The Escape season kicked off in June with two boating parties at Sonning and Hampton Court. Here children got dressed up in pirate gear and enjoyed a host of pirate themed games, including walking the plank, before families set off on a real pirate adventure down the River Thames.

The next memorable day out was the charity’s Sky-High event at Preston Capes in Northamptonshire. Both children and their families from the surrounding areas, enjoyed the thrill of helicopter rides, plus rides on a vintage bus, fire engine and tractors when back on the ground.

Sam Hines, mum to Starlight wish child Brandon who has quadriplegic cerebral palsy said ‘It was the most enjoyable day we’ve ever had, the lads absolutely loved it, especially the helicopter ride.

It was amazing from start to finish. We struggle to get both boys out and about due to them both being in wheelchairs, but everyone was so helpful. It was so refreshing for us all to get out as a family and make memories. It will definitely be a day we won’t forget”.

Starlight then held their annual Summer Party at Belmont Farm in London on one of the hottest days of the year at the end of July. The outdoor fete-style party has become a much-loved day out for Starlight wish children and their families, as well as families from local hospitals and hospices.

The jam-packed day included clay pigeon shooting, an animal petting area and pony and trap rides to arts and crafts, a bouncy castle and fete games.

The charity then rounded off their summer of fun with their biggest event of the year at Popham Airfield in Winchester. The event, which was attended by almost 700 people, included helicopter and aeroplane rides at what was an unforgettable day of adrenaline fuelled action!

The fun didn’t stop back on solid ground, with pony rides, magicians, entertainers, face-painters and rides on some very special motorbikes and supercars. The day also finished with Starlight’s first ever ‘Floss off’ with children, families, volunteers and staff all taking to the dance floor to show off their best moves!

Starlight’s Escapes are supported by volunteers, who offer their time, expertise and vehicles to create a truly special day for the families. The events have become crucial days out for families with seriously ill children, as they provide them with the opportunity to spend memorable days together at a time when they need it the most.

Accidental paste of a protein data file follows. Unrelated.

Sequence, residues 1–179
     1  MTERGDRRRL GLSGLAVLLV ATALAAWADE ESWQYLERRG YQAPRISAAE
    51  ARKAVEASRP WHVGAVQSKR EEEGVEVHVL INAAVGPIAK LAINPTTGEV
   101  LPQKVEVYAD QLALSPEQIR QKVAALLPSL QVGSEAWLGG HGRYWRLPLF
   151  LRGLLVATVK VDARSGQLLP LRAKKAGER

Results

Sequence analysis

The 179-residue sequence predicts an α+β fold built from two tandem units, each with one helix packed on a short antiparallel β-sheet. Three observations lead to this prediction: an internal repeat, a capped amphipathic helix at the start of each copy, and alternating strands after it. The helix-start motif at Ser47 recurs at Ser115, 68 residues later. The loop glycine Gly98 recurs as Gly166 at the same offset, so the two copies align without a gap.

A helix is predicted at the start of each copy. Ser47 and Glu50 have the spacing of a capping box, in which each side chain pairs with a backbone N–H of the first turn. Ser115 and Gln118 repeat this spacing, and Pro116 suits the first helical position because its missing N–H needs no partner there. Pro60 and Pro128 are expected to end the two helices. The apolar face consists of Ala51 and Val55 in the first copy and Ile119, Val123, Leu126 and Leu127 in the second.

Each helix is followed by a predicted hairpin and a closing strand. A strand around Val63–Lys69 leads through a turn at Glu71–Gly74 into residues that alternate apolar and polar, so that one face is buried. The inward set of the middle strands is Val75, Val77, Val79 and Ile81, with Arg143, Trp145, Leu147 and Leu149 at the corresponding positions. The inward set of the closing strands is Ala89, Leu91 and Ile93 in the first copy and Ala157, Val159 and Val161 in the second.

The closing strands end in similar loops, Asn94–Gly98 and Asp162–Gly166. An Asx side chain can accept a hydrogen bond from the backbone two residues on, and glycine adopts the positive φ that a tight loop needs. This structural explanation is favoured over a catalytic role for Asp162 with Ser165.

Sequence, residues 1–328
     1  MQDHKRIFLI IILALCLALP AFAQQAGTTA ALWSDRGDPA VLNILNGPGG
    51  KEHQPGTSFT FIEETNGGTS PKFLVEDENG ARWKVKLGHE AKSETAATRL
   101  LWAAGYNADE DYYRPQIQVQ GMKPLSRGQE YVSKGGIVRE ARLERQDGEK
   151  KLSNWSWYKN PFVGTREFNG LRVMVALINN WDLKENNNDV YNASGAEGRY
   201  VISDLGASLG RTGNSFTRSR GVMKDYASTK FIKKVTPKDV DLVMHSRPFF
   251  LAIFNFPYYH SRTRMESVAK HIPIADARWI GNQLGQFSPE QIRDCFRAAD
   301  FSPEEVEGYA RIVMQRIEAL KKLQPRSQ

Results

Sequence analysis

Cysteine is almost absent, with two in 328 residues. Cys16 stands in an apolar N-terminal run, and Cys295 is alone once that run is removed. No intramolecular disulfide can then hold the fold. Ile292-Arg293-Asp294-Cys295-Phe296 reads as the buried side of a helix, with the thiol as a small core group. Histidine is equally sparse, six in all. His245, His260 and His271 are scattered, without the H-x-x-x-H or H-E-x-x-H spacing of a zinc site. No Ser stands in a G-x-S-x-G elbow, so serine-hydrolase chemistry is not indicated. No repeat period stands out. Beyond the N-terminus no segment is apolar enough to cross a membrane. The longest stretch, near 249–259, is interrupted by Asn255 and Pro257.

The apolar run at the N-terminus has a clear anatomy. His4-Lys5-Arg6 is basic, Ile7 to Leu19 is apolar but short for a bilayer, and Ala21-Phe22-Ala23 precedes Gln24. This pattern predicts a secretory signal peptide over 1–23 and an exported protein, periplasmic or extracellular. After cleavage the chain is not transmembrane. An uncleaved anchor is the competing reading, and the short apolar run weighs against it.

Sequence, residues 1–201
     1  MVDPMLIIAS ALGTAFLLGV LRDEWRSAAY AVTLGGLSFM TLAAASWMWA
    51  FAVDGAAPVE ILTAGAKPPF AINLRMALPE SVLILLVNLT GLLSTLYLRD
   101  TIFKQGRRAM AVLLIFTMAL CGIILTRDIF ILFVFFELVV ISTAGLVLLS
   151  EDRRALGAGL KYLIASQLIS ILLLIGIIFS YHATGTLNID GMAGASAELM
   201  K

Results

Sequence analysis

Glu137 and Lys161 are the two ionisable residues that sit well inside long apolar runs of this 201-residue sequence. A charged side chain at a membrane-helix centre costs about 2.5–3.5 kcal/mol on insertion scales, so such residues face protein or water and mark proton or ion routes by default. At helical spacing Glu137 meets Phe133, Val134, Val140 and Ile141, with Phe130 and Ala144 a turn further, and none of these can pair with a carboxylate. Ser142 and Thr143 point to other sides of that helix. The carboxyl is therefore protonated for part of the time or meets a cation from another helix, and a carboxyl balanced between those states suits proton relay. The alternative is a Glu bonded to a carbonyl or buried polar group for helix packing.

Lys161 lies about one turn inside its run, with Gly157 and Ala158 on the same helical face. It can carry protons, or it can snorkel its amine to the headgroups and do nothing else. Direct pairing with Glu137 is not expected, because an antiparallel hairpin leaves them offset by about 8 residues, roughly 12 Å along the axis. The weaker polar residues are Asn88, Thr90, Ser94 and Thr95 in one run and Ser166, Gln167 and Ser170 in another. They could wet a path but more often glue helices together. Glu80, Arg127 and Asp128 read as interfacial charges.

Roberto’s mum, who attended the boating escape at The Upper Thames Yacht Club at Hampton Court, sums up the Starlight Escape experience as;

“Days like today are a great moment to pause and remember the gift of being a family, to have

time together that isn’t about trips to hospital, needles or bad stuff. They really are ‘respite days’ – a way in which to escape and feel a million miles away from the normal stuff”.

For more information and to find out how you can help Starlight provide more days out for seriously ill children and their families visit

Parents, carers and grandparents across Surrey will have the opportunity to gain a deeper understanding of their child’s behaviour and development as new, free online guides are launched by Children and Family Health Surrey and Surrey County Council.

The guides normally cost £39, but Surrey residents can register for free access through their computer, tablet or smartphone by visiting or After registering online, they will have unlimited access.

Pauline Bigwood, Professional Lead for Health Visiting at Children and Family Health Surrey, says: “Anyone living in Surrey who cares for a child – mums, dads, carers and grandparents – will find these excellent, free guides really helpful in understanding their children. I really do encourage everyone to try the guides out and tell your family and friends in Surrey about this really wonderful opportunity.

“We are really pleased to be working in partnership with Surrey County Council to make these high quality guides available for all families living in Surrey.”

Clare Curran, Surrey County Council Cabinet Member for Children says: “These online guides are packed with insights into how children grow and develop as well as practical advice and have been helping families around the country cope with the challenges that life throws at all of us. I’d encourage all families in Surrey to take advantage of this great opportunity to access them for free.”

There are three guides to choose from:

  • Understanding Pregnancy, Birth and Your Baby
  • Understanding Your Baby
  • Understanding Your Child 0-19 years.

There are between 9 and 11 modules in each guide as well as interactive activities, quizzes and video clips. Each module takes around 20 minutes.

The online guides were put together by the Solihull Approach, an accredited, evidence-based approach to childcare established 20 years ago by psychologists, health visitors and other health professionals.